A Hole in the English Language

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Status: Finished  |  Genre: Non-Fiction  |  House: Booksie Classic

Submitted: July 05, 2016

A A A | A A A

Submitted: July 05, 2016





I’d like to do a little test with you. Please, play along and answer the following questions with the obvious answers. First, what do you call someone who takes things that doesn’t belong to him? Right, a thief. Next, what do you call someone who never tells the truth? Good, a liar. And, what do you call someone who has taken a life? A murderer. You are playing along nicely.

Now, I want you to answer these next questions the same way. As quickly as possible, using the obvious responses. However, I must caution you to use only nouns. I want to hear labels, not descriptions. Okay, ready? What do you call someone who only tells the truth? What do you call someone who never takes anything that doesn’t belong to them? You seem stuck for an answer. What would you call someone who has never taken a life? I’m getting a lot of dead air from you right now. Don’t feel badly, everyone responds the same way. There is a hole in the English language. Its consequences run much deeper than most people think.

Your old pal Norman has spent most of his life working with kids. Many of these kids came from a world that did their best to ruin any chance of happiness or functionality needed to get through life. Part of this was due to holes in the lexicon. Allow me to explain.

A young person gets caught stealing a yo-yo from the Chinaman’s corner store. (the fact that this example in very specific in no way connects it to the author) This kid is about to go through some serious consequences designed to put him on the straight and narrow. Or at least, that’s how it’s supposed to work. An examination of the subsequent interaction shows something different.

“Son, you stole something that doesn’t belong to you. Do you know what that makes you? A thief.”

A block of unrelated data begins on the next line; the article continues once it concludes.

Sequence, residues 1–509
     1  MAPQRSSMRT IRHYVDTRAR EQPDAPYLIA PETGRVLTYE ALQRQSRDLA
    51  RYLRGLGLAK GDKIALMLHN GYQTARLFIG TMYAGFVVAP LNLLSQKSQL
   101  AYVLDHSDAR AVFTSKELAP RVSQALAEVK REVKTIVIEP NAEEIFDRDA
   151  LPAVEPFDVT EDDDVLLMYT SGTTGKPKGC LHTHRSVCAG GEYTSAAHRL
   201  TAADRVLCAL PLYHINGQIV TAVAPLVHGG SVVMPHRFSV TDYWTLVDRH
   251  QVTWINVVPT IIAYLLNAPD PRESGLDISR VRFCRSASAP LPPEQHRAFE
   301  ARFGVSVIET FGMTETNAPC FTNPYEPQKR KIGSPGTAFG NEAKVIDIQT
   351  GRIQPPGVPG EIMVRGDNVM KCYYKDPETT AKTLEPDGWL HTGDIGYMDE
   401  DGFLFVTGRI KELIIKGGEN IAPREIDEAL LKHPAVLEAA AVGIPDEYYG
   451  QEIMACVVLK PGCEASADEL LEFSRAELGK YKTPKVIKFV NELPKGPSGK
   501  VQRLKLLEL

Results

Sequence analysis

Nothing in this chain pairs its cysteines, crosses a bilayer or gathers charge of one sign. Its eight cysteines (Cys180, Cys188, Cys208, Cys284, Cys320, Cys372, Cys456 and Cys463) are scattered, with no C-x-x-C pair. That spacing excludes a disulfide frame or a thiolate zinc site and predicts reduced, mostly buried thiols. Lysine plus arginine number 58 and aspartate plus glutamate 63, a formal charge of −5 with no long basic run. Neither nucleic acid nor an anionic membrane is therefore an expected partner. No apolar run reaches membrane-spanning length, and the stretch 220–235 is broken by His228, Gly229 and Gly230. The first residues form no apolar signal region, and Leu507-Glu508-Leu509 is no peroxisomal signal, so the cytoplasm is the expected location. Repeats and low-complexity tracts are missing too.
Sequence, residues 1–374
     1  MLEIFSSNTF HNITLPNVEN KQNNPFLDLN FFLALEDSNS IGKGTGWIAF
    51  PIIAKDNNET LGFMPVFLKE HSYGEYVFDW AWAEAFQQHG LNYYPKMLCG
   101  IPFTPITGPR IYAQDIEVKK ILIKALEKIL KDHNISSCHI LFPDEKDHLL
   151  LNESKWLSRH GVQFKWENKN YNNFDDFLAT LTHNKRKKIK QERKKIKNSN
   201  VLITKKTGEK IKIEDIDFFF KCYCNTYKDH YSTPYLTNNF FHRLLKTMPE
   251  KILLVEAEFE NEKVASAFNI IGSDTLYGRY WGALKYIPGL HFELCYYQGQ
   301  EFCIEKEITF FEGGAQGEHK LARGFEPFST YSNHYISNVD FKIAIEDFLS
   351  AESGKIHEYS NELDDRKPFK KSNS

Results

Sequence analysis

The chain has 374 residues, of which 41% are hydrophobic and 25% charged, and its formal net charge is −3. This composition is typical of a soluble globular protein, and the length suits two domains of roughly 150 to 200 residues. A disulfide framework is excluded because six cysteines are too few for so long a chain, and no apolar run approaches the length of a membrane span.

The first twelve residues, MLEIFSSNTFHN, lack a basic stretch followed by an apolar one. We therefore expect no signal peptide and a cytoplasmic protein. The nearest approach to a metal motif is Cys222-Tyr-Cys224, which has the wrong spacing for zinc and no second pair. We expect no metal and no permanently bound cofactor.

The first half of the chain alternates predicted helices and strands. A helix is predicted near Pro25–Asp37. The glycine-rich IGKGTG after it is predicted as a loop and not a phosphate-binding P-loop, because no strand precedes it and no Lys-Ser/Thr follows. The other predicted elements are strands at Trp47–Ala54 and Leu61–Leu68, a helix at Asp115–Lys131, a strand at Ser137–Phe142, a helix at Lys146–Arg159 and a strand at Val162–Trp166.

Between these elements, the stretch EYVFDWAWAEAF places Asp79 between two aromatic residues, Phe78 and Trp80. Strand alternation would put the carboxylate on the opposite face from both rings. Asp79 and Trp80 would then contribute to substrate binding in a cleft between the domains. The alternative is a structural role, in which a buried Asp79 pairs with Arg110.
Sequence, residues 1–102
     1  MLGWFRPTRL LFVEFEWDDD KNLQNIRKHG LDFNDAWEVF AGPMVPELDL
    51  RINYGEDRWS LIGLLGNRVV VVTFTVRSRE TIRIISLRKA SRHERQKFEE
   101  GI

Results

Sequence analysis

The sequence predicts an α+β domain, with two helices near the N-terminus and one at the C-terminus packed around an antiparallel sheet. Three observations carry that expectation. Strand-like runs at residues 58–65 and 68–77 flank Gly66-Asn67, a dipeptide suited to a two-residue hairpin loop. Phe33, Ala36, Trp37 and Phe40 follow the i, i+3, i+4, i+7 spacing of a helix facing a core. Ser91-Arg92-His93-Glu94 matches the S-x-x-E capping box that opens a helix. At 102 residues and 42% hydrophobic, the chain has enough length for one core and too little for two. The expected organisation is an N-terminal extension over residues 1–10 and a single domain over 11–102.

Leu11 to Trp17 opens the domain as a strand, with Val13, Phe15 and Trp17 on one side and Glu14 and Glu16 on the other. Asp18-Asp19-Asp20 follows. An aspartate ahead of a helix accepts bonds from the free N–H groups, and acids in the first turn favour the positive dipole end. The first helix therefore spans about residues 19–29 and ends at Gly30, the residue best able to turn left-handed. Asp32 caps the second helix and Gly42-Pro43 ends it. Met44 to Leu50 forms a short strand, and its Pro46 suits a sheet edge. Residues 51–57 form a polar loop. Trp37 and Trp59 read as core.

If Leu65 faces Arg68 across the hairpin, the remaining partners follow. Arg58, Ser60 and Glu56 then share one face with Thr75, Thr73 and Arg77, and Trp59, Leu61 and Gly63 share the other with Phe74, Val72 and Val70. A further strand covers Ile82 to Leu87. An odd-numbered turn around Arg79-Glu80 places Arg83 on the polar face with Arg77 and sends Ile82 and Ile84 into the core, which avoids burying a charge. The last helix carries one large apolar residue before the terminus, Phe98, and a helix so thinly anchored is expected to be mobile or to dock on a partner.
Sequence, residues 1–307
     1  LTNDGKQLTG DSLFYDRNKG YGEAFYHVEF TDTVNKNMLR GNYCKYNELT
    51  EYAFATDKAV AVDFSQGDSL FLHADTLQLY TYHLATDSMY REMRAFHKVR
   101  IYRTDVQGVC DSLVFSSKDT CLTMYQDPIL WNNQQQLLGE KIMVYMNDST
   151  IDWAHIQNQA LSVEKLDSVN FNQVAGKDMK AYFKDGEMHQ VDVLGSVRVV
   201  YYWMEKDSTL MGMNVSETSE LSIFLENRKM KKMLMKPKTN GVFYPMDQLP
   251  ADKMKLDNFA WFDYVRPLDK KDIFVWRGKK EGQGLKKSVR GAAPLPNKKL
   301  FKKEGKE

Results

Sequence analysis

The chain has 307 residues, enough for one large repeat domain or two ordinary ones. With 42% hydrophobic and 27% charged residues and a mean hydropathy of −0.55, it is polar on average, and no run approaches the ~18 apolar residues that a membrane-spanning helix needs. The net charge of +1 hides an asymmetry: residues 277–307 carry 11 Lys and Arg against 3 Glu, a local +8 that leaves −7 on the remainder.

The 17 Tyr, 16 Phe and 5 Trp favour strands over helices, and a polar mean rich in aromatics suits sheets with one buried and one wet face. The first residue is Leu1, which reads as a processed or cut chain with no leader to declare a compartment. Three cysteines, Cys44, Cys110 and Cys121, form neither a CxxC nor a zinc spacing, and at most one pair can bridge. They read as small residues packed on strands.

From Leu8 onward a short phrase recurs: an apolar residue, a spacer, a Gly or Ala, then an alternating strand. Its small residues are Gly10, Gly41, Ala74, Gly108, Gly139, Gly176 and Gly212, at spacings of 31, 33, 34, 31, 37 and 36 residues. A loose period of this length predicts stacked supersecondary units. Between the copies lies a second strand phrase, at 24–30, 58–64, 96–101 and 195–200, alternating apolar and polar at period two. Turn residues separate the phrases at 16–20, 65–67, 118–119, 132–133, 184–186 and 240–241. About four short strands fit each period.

“But I didn’t mean to steal it.”

“And now you’re a liar. A thief and a liar. Is that what you want to be when you grow up?”

It’s important to note that in this scenario, no one was murdered, so your understanding of how this label would be applied will have to be imagined. 

A thief and a liar. Nouns. They are things, not actions. They go along with titles like boy, goalie, hippie, fluffer. These words are meant to describe a person, not an action. And there’s a funny thing that happens when one is labeled. One starts to take on more of the characteristics of said label. For instance, when I was fourteen, someone saw me playing a guitar. He referred to me as a guitarist. Well, let me tell you how that changed my perception of me. The first thing I did was go and learn a fourth chord (up to then, I thought that there were only three). I would stand in front of a mirror with a guitar case in my hand, as if walking down the street. Then I’d walk down the street with it. I truly believed that I was a guitarist simply because someone labeled me as one. 

Now, imagine a child who is trying to find his (it works the same way for a ‘her’ as well) handle in life. He was unfortunate enough to be born into a life that isn’t giving him much of a fighting chance. He’ll hang on to whatever shred of reinforcement thrown his way. Since I have spent most of my life working with kids, I can tell you just how often this happens. One day, he finds himself on the wrong end of some unfortunate incidents. It’s at this time that his handlers forget that they should be berating an act, and not a person. Labels stick, and they are about to prove this point.